Former WWE Superstar CM Punk finally had his debut fight for UFC on Saturday. 2 years into his blockbuster signing announcement, Punk finally had an opponent in up and coming fighter Mickey Gall. Long time UFC fans knew that Punk was a longshot to win, with the vocal majority ensuring he would fall in the first round. After all, how could a guy who “fake fought” for so many years become a success in a “real” sport? Perhaps the most interesting thing surrounding Punk’s debut was the amount of people who supported his journey. It wasn’t just the hardcore WWE fans that followed him into the octagon either. Fight fans, pro wrestlers, musicians, actors, all seemed to buy into the notion that Punk could shock the world; That he could actually win.
If you look at CM Punk’s entire career, he has a history of accomplishing things that were previously thought to be undoable. Wrestling on the independent circuit for the better part of 7 years, Punk seemed to always be a featured player wherever he went. It wasn’t until he began wrestling for Ring Of Honor that his star really took off. Punk is still known as one of the “Founding Fathers” of ROH thanks to his excellent work as both a heel and a face for the company. He was a vital part of ROH programming all the way up until he signed with WWE in 2005. Once in WWE, Punk continued to work his way to the top, eventually becoming the biggest star in the company second only to John Cena. Punk’s popularity had grown so much he was rewarded with the longest WWE title reign in modern history. He held the title for 434 days before losing it to the returning Rock. Punk was a locker room leader according to several WWE talent because of his tendency to speak up for the younger talent, and also for himself. He was the guy that always spoke his mind no matter what. On top of that, he gained the reputation of being someone who not only said things, but did them, regardless of whether or not it was the popular thing to do.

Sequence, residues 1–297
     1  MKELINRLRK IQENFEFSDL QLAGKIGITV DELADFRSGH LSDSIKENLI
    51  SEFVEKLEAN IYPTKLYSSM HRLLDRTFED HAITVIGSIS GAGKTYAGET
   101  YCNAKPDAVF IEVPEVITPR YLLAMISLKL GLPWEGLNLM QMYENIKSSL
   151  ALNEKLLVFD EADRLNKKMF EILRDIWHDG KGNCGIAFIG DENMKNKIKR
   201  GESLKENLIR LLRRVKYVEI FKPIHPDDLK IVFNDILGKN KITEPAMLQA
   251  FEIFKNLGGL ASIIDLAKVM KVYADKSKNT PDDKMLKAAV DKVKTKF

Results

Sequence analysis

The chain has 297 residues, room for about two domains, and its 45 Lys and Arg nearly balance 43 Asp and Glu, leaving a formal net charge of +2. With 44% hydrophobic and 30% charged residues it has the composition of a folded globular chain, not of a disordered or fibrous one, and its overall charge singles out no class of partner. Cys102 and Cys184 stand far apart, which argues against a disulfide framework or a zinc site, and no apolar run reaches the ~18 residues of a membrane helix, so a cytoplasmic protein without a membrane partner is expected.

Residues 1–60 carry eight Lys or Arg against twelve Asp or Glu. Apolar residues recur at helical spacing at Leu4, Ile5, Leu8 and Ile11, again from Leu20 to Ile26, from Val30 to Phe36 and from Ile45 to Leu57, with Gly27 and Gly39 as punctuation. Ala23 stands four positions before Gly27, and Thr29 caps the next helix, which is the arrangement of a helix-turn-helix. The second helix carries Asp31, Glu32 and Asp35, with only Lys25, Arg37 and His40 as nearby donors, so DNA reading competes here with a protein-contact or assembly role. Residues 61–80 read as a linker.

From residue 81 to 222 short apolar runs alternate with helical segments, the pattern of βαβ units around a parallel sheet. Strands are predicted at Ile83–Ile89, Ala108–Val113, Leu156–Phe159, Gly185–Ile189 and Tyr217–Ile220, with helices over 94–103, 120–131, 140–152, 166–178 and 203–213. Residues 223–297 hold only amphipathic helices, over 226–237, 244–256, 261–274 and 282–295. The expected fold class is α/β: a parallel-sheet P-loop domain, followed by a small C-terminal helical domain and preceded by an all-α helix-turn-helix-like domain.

By now we all know that Punk was essentially dominated in his debut, and suffered perhaps the worst loss in his professional career. During the post-fight interviews Punk held his held high, and while he was disappointed, you could tell he wasn’t jarred by his loss. Most people would want to dig a hole and hide out in it, never returning to the public eye again. Something tells me Punk never felt that way. Regardless of how bad his loss looked, the reality of this situation is that Punk still won in the end. After leaving the WWE, Punk had one clear goal in mind, and that was to fight in the UFC. Almost 5 months into his departure from the wrestling world, he was officially signed by the UFC. He set out to do something and he did it. Despite the outcome, Punk still managed to do something that a massive collection of us will never get to do.
It’s one thing to have goals and dreams. To proactively chase them though, is an entirely different beast. Some people crumble under the pressure of the THOUGHT of pursuing their dreams let alone actually trying. Punk was on top of the wrestling world, and could have continued to be there, but his heart was obviously somewhere else. While I may disagree with his exit strategy, I totally applaud him for sticking his neck out there for the sake of pursuing a goal. While he was unceremoniously cut down in the short-term, the reality is that he still did it. He fought in the UFC on a Pay-Per-View event at that. That in and of itself is worth its weight in gold. The lesson in CM Punk’s loss is that no matter how big and scary your goals or dreams may be, GO AFTER THEM. You will encounter naysayers, and detractors, but if you’re actively pursuing your dreams, you’re on the road to accomplishing them. Your goals may even hit you straight in the mouth, but as long as you have the will to succeed, you will. Even in defeat, doing something you want to do or love to do, still looks like a win.